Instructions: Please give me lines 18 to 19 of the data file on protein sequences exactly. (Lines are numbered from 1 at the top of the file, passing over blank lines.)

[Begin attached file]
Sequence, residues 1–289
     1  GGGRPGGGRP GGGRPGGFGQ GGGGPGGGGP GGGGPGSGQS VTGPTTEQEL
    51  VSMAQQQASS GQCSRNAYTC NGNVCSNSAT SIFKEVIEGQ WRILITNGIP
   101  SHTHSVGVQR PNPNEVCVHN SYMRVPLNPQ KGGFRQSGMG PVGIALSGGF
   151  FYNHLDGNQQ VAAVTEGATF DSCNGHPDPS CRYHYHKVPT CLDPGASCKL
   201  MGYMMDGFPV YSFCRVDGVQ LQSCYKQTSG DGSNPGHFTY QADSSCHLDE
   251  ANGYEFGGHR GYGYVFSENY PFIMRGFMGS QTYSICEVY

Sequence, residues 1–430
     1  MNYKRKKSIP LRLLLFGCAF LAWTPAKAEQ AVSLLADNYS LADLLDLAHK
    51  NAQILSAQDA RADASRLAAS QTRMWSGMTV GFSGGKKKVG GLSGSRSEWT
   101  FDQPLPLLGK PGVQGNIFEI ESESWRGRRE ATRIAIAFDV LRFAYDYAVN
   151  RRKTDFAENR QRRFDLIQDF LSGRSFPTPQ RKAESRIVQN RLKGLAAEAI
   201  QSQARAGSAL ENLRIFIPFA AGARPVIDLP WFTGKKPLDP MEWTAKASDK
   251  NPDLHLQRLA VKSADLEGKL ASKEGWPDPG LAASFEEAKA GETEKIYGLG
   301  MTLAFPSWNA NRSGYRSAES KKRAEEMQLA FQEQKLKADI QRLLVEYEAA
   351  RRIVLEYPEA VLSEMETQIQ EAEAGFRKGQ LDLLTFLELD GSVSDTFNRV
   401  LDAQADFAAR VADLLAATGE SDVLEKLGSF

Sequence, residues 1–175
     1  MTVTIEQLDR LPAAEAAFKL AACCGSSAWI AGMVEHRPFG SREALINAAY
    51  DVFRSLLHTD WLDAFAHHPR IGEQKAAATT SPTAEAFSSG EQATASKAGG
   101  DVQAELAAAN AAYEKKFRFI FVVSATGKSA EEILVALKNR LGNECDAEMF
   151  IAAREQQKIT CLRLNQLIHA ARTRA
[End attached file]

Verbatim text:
Sequence, residues 1–175
     1  MTVTIEQLDR LPAAEAAFKL AACCGSSAWI AGMVEHRPFG SREALINAAY